Diane Weyermann Elevated to Chief Content Officer at Participant Media

The 14-year veteran who served previously as president of documentary film and television will work closely with CEO David Linde

Diane Weyermann
Alex J. Berliner/ABImages

Diane Weyermann, a 14-year veteran at Participant Media, has been promoted to the role of chief content officer, the company’s CEO David Linde announced Thursday at the kickoff of the Toronto International Film Festival.

Weyermann, who previously oversaw Participant’s documentary film and television slate, including executive producing films such as “An Inconvenient Truth” and “Citizenfour,” will work closely with Linde in shaping Participant’s film and TV content in the newly created position.

Weyermann will continue to focus on documentary film and television, alongside department senior vice presidents, Elise Pearlstein (film) and Miura Kite (TV), while collaborating with Linde and the company’s newly announced heads of narrative film, Robert Kessel and Anikah McLaren, on future narrative content.

The news comes as part of a restructuring after the departure of Jonathan King, the company’s former president of narrative film and television.

“Diane has uniquely helped fulfill Participant’s mission over the last 15 years,” Skoll said in a statement. “The only thing that surpasses Diane’s unassailable integrity is her extraordinary judgement on stories that matter. Her creative partnership, her unparalleled work ethic, her mentorship of others, her deep relationships with the filmmaking community – the list of talents goes on and on. We’re delighted to celebrate Diane’s new role in recognition of all her accomplishments, and what is to come.”

“No one else at this company has been such a pillar for achieving Jeff’s vision from the very beginning than Diane,” Linde said in a statement. “Her work in documentary filmmaking – from ‘An Inconvenient Truth,’ ‘Citizenfour’ and ‘Food, Inc.’ to ‘America to Me,’ ‘American Factory’ and ‘Slay the Dragon’ – has not only shaped the DNA of this company, but also changed the very landscape of the documentary industry as a whole, redefining its potential for art and impact. I couldn’t be more thrilled to recognize Diane in this way and am excited to work alongside her in continuing to create lasting impact through storytelling.”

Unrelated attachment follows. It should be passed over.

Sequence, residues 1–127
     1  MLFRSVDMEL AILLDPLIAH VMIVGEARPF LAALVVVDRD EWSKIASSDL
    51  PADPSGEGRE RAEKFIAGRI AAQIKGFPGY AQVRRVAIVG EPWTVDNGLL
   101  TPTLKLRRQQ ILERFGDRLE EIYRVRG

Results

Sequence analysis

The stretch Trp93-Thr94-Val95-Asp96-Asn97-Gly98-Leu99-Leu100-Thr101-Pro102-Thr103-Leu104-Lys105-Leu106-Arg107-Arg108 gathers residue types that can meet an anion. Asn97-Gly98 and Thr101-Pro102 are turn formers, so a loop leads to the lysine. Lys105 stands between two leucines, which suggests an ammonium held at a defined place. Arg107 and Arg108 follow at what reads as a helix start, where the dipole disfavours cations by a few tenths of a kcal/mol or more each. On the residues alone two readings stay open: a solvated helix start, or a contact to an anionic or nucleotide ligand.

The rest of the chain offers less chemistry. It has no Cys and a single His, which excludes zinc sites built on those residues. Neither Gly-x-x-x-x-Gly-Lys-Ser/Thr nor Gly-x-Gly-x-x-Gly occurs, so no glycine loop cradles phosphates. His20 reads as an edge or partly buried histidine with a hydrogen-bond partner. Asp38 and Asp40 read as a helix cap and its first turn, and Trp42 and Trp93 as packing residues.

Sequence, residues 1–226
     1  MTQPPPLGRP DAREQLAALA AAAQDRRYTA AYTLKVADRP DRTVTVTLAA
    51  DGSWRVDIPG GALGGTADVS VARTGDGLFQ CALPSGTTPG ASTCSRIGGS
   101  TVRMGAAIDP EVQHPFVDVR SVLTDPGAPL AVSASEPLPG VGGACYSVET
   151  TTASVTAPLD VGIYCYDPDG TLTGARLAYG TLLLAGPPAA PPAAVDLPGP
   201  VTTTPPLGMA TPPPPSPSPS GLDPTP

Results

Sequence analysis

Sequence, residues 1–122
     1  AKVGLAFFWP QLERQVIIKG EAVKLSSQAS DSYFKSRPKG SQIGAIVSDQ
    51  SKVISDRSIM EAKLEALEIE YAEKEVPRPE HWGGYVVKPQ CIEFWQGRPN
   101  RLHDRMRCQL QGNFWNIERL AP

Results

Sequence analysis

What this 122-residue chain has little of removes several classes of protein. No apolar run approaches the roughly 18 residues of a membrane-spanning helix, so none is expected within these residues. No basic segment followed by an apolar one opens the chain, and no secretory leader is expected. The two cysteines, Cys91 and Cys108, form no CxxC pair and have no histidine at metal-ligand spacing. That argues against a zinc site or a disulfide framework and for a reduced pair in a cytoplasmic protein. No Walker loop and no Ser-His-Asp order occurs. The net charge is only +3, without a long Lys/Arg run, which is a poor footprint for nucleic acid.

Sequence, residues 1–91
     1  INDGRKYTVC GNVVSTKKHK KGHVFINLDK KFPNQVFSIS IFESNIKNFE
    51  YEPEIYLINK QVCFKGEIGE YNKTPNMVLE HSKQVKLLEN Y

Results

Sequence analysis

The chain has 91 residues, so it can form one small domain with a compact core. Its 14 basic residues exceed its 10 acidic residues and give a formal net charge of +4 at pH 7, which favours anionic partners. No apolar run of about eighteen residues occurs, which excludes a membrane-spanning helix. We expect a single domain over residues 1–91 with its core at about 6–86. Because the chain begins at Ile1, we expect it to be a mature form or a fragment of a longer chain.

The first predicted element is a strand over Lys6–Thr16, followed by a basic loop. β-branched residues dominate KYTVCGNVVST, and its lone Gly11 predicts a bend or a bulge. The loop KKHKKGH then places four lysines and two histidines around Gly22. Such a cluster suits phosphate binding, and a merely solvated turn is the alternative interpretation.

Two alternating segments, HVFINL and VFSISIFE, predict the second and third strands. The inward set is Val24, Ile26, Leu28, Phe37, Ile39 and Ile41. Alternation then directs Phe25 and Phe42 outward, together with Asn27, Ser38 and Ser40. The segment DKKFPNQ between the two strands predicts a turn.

“Since 2005, I’ve been proud to call Participant my home and have had the great fortune to collaborate with seminal storytellers, whose powerful films have inspired audiences around the world,” Weyermann said in a statement. “I am incredibly thankful to Jeff, for his vision and extraordinary commitment throughout these many years; to David, for his insightful leadership and partnership; and I look forward to their continued support in this exciting new role.”

“I’ve known and admired Diane for many years, but it wasn’t until we first worked together on ‘America to Me,’ that I got to witness first-hand what an amazing collaborator she is,” filmmaker Steve James said in a statement. “She has a remarkable ability to grasp the essence of what a filmmaker is trying to achieve and bring her formidable insight and guidance to help you get there. There would be no ‘America To Me’ without Diane and Participant – and I know I’m not the only filmmaker who would say the same thing about their films and working with Diane.”

Participant’s most recent documentary projects include Steven Bognar and Julia Reichert’s “American Factory,” Mark Johnson Harris and Deborah Oppenheimer’s “Foster,” Viktor Kossakovsky’s “Aquarela,” Steve James’s “America to Me,” Derek Doneen’s “The Price of Free,” Ai Weiwei’s “Human Flow,” Rachel Dretzin’s “Far From the Tree” and Bonni Cohen and Jon Shenk’s “An Inconvenient Sequel: Truth to Power.”

Prior to joining Participant in 2005, Weyermann was the director of the Sundance Institute’s documentary film program. During her tenure at Sundance, she was responsible for the Sundance Documentary Fund, a program supporting documentary films dealing with contemporary human rights, social justice, civil liberties, and freedom of expression from around the world. She launched two annual documentary film labs, focusing on the creative process – one dealing with editing and storytelling, and the other with music. Weyermann’s work in the documentary field extends many years prior to Sundance.

For seven years, Weyermann was the director of the Open Society Institute New York’s arts and culture program. In addition to her work with contemporary art centers and culture programs in the Soros Foundation network, she launched the Soros Documentary Fund (which later became the Sundance Documentary Fund) in 1996.